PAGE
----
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The recent new development condo Pierhouse which sits within Brooklyn Bridge Park (Photo credit: Mark Wickens) The recent new development condo Pierhouse which sits within Brooklyn Bridge Park (Photo credit: Mark Wickens)
Shoddy construction, chronically broken elevators, and toilet flushes loud enough to keep one up at night are just some of the reasons why New Yorkers have filed lawsuits related to problems originating in their own buildings. But is litigation worth the risk? And how does it impact the value of one's property?

Reasons to Litigate

In New York City, condo litigation is so common that dozens of law firms advertise it as an area of practice. There are also many reasons that condo owners resort to litigation. Some of the most common reasons include:

• Concerns about neglected repairs, including leaks and water damage


• Concerns about alterations


• Disputes with the board over bylaws, house rules, approval process, or proprietary leases.


• Chronic conflicts with neighbors regarding noise, smoke, or other nuisances


• Disputes over the use or maintenance of common areas


• Disputes over common charges and fees


• Disputes over subleases

Although litigation cases often pit individual condo owners against condo boards or developers, these aren't the only types of litigation cases. Condo boards also frequently litigate against developers (e.g., when buildings present chronic problems resulting from construction or design flaws). Individual owners or boards also occasionally litigate against other parties, including neighbors.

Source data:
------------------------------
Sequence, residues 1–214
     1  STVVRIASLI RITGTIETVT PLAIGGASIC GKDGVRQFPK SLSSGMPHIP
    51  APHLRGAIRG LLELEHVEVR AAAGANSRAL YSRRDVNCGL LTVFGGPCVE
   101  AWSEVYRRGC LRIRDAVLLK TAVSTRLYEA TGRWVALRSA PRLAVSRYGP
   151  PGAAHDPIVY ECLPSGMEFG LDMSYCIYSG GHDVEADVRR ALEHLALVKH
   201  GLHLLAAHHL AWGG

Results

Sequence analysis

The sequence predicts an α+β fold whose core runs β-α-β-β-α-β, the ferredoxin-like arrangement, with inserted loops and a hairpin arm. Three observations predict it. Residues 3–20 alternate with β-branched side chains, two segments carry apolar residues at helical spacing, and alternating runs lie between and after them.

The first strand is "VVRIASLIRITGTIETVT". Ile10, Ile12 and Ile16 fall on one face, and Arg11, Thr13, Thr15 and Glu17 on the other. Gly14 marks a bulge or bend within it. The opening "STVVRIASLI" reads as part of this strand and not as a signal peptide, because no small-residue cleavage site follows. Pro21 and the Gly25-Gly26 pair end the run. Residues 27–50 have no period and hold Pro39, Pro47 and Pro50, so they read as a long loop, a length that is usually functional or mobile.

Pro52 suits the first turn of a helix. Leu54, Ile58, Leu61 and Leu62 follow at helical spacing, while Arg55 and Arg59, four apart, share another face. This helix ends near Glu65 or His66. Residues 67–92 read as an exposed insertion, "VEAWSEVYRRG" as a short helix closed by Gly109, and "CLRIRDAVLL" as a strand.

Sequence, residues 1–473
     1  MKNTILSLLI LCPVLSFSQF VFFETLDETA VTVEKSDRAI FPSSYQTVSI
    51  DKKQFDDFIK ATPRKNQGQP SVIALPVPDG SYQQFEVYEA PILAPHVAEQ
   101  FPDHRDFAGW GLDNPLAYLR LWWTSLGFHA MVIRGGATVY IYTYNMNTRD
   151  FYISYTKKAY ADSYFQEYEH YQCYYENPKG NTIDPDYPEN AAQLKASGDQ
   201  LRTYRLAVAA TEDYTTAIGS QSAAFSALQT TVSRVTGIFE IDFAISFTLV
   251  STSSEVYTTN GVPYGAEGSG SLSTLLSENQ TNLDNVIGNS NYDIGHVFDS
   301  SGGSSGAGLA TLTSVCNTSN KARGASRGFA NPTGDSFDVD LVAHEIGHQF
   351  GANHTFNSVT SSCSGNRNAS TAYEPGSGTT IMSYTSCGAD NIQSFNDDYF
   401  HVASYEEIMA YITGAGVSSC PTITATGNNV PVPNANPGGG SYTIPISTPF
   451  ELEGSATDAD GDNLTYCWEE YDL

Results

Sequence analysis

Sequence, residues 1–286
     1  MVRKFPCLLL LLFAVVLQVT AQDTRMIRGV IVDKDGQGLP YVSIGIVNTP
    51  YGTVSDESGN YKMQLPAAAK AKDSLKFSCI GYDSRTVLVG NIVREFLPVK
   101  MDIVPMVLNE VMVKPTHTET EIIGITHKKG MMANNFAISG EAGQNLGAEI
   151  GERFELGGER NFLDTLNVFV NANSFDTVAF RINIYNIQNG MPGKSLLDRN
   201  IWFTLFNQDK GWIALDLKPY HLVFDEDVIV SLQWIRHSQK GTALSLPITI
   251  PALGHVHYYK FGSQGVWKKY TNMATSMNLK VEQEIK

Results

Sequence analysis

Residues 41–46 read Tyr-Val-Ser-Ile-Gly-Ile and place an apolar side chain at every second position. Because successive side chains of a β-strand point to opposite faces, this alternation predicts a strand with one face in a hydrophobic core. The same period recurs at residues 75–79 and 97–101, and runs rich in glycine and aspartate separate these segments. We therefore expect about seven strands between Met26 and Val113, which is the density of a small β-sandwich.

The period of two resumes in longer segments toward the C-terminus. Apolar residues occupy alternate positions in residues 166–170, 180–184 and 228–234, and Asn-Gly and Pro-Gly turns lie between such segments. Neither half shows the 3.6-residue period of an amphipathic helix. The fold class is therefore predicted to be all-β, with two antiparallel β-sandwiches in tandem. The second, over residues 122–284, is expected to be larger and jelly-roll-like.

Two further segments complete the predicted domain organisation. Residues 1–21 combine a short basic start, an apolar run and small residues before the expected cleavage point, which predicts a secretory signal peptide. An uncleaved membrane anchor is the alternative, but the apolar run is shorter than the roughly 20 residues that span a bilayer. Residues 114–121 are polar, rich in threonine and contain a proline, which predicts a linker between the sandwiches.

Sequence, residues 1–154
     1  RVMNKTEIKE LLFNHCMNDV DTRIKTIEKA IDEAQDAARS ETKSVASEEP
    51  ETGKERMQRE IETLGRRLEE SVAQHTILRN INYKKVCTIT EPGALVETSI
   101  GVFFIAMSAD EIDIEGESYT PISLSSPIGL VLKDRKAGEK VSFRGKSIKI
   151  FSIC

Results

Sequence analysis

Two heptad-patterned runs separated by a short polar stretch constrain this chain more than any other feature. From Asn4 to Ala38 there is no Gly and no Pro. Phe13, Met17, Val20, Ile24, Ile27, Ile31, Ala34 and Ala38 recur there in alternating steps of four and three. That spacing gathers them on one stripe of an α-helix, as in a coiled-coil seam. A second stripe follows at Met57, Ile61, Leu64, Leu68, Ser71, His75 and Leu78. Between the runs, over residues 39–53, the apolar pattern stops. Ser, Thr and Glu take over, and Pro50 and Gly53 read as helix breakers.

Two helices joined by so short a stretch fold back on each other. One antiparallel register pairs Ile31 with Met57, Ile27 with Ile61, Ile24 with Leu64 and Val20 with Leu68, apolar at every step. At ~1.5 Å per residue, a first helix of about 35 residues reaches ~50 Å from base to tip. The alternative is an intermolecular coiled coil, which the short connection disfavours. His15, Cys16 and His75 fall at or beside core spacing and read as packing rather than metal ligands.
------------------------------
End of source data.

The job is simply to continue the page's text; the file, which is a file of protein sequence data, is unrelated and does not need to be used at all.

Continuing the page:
432 Park Avenue 432 Park Avenue (DBOX for Macklowe Properties)

Recent High-Profile Cases

One of the most widely publicized condo litigation cases in recent years centers around the ongoing building defects at 432 Park Avenue, the supertall (1,396-foot) skyscraper located at the foot of Central Park. The lawsuit, which has pitted 432 Park Avenue’s condo board against the building’s developers, focuses on a litany of complaints ranging from stuck elevators to flooding to unwelcome noises and vibrations. Although the condo’s original purchase agreements clearly stated the developer was obliged to correct any defects, as the court filing details, by the time residents of 432 Park Avenue took legal action in 2021, it had become abundantly clear that the Sponsor had no intention of addressing the building’s defects.
As it turns out, you don't have to live on Billionaire's Row to end up embroiled in a condo litigation case. Another recent litigation case that has garnered headlines concerns ongoing noise complaints at Pierhouse in Brooklyn. In this case, the plaintiff is an individual owner and the defendant isn't the condo board or developer but rather the Brooklyn Bridge Park Cooperation, which owns the land on which this private residence is located (the development was built to help pay for the park’s maintenance).

In the court filing, the residents in question allege that the Brooklyn Bridge Park Corporation has subjected them to “incessant loud and disturbing noise emitted from the public lavatory (the “Lavatory”), park storage room (the “Storage Room”), and metal gate at the entrance to the Lavatory and Storage Room (the “Gate”), all located directly below their Unit.” In addition to “badly degrading their sleep and quality of life,” the Plaintiffs maintain that the noise has resulted in their "loss of the use and enjoyment of their apartment.” While the City initially countered that the noise was not as bad as alleged, as of September 2023, the City was exploring potential “acoustic renovations.”